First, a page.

As a former export manager of Alaskan seafood, the sushi chef at Sushi Spott knows his fillets. Fresh catches fill the glass display case at the sushi bar, where nigiri sushi and hand rolls join specialty rolls such as the salmon-skin roll and the citrus-infused lemon roll, whose tuna, avocado, and salmon cannot be made into lemonade. Sushi Spott also dishes out chicken teriyaki, bento boxes, and other entrees amid the dining room's white pendant lamps and decorative Japanese screens.
NYP Restaurant & Bar's culinary masterminds concoct cuisine ranging from hand-tossed pizzas slathered with homemade sauce to gourmet Angus burgers grilled to customer specifications. Working in tandem with bartenders, the chefs complement each tomato-topped pie or pasta dish with craft cocktails and 20 different signature martinis such as the Tsunami––a surge of coconut rum, vodka, peach schnapps, blue curacao, pineapple juice, and mist. They also serve local craft beers. For some mealtime entertainment, TVs located in the bar and in the restaurant show local sports teams such as the Seahawks and Sounders.
Though it's walking distance from both Safeco Field and CenturyLink Field, The Hawk's Nest makes the decision between facing the crowds at the stadium and staying indoors to watch the game with a beer and a burger a challenging one. The Seahawks, Sounders, and Mariners mecca, though lined with team paraphernalia and TVs displaying NFL Sunday Ticket, serves a more upscale spread than you might find at other sports bars. Chefs charbroil Misty Isle natural beef burgers with unique ingredients such as brie, peanut butter, and pineapple, and plate gourmet entrees of steamed clams and portabello goat-cheese sandwiches. Even the beer list is elevated—local microbrews and a rotating IPA populate the taps, though sports fans can always order up a bucket of Bud, Coors, or Miller bottles to accompany hollered insults at the TV's tiny referees. The bar is also a proud advocate for Ronald McDonald House and the Mittens For The Masses charity.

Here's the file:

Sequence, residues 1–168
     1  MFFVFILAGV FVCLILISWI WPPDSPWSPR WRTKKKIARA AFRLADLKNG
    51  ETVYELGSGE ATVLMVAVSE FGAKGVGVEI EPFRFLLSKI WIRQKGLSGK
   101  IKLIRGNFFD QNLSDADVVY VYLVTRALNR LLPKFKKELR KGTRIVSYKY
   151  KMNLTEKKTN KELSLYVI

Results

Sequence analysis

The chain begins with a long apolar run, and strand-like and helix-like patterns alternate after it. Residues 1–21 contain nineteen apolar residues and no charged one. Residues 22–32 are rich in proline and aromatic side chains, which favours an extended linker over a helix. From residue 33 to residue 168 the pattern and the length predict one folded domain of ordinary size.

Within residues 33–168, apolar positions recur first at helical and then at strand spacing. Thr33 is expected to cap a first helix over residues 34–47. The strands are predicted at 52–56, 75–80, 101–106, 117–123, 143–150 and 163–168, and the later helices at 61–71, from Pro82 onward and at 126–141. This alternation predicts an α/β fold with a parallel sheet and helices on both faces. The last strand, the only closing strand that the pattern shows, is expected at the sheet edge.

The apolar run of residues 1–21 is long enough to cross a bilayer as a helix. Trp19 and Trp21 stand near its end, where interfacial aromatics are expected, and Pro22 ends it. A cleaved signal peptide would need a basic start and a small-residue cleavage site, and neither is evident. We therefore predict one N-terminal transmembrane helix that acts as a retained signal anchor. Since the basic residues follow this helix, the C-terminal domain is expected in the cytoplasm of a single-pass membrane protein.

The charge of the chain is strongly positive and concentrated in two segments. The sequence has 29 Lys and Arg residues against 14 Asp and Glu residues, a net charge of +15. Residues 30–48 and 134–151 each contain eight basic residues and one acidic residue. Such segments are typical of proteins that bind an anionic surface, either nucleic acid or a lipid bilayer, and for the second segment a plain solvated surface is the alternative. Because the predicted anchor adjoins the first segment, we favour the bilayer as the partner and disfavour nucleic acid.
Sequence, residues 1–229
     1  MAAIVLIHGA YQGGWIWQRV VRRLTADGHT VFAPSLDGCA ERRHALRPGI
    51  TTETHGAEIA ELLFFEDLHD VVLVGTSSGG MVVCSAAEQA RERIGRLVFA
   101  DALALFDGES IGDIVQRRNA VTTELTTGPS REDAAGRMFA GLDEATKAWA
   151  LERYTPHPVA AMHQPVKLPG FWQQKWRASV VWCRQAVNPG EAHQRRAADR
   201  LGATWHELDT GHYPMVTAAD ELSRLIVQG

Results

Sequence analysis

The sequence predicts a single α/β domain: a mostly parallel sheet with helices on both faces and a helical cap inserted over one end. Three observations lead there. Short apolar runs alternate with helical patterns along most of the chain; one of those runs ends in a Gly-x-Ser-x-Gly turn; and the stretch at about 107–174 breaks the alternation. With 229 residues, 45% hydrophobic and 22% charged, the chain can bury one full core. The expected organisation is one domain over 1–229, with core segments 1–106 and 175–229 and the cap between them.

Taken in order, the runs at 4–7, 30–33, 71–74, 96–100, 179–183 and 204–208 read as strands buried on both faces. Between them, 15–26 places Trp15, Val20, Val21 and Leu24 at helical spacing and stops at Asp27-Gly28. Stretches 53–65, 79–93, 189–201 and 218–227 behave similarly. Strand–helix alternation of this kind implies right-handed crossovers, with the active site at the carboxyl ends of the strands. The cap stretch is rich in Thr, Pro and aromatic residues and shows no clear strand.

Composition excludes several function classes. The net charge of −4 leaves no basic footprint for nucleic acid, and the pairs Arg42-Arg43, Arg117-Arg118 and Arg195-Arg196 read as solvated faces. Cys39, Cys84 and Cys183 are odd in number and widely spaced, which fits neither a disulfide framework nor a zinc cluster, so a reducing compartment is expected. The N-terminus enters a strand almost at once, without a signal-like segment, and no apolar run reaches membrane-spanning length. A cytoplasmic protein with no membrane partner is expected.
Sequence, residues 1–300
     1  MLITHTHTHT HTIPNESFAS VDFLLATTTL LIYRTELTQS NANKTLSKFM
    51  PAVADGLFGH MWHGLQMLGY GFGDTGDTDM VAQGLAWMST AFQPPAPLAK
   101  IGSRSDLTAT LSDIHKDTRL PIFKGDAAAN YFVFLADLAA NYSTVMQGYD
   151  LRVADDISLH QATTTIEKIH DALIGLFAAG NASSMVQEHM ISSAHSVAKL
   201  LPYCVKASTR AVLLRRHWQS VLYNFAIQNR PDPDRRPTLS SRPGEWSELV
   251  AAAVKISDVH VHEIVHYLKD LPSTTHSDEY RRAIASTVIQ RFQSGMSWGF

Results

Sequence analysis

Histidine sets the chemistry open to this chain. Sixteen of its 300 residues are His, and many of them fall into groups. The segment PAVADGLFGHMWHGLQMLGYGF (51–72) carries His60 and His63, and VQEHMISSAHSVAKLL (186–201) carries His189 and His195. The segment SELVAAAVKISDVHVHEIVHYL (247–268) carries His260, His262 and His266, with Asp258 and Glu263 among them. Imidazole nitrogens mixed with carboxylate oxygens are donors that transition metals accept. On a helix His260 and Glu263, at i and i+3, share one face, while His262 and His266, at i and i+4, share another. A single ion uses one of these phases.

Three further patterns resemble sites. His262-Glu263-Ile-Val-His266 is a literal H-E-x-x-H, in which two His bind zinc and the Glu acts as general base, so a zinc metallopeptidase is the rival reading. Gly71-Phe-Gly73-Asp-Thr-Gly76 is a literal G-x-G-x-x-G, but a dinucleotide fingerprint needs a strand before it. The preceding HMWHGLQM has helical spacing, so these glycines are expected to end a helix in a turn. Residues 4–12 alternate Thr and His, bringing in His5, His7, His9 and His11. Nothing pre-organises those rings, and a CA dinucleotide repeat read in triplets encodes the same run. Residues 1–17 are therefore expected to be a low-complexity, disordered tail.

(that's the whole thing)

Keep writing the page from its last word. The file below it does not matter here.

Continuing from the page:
If Ballard Loft feels somewhat reminiscent of a renovated machine shop, well, that’s because it used to be an actual machine shop. Remnants of the building’s former occupation live on in several forms. A garage door opens to an outdoor patio alongside Ballard Avenue, and a retired jib hangs from the ceiling after a career spent hoisting heavy equipment and slumbering mechanics skyward.
Amidst this working man’s vibe, diners sit down to a substantial menu that includes sliders, wings, sandwiches, and a rotating menu of fresh food specials. The hearty meals are fitting for an area such as Salmon Bay, with its storied history of logging mills and maritime industry. But today, inside the Loft, those same meals are far more likely to fuel rounds of shuffleboard, pool, or darts or friendly competition during Tuesday night trivia.
Stocked with nearly 40 TVs, Sport ensures that your multiple eye implants won't miss any ongoing sports action. A 130" HD flat-screen looms above the bar, and each booth has individual 17" LCD HDTVs, bestowing channel-controlling power to any human operating under their own willpower. Chef John Howie's menu features standard pub grub with an upscale twist for tucking into while cheering on. Thick New England clam chowder wrestles tender sea clams, red potatoes, and smoky bacon in a victorious rich, creamy clam broth ($3/cup, $9.50/large bowl), while a mouth-melting fire-grilled Kobe-beef burger is served on a toasted brioche bun with roasted-onion spread ($14). Barbecue-chicken pizza rounds up applewood-smoked chicken and sweet bell peppers, lassoing them together with fontina and mozzarella cheeses ($9–$12.50). Soothe shout-hoarsened throats with a variety of local and imported tap beers, wine, or specialty cocktails.
The clever chefs of Spitfire’s kitchens ingeniously upgrade mom’s home cooking with fine ingredients and gourmet cooking techniques. The kitchen sends out handcrafted treats such as classic Reuben sandwiches sporting coats of gruyere cheese, and sliders concealing organic beef or falafel patties. The drinks at Spitfire are similarly creative, as mixologists shake and stir 11 house cocktails such as the steamy Snickers-and-coffee drink that beckons memories of the days when candy was currency and shoelaces were the enemy.
Twenty-two 42-inch plasma televisions glimmer from the dining-room walls, aided by one 100-inch and two 150-inch high-definition projection screens. Capable of playing 23 games at once from full-coverage sports networks across the globe, the mighty river of digital information shows off the latest action from NFL Sunday Ticket, Fox Soccer, and ESPN Mathletes. Elsewhere, paintings and natural materials take over the walls, with exposed brick and raw wood patterning diners’ backgrounds.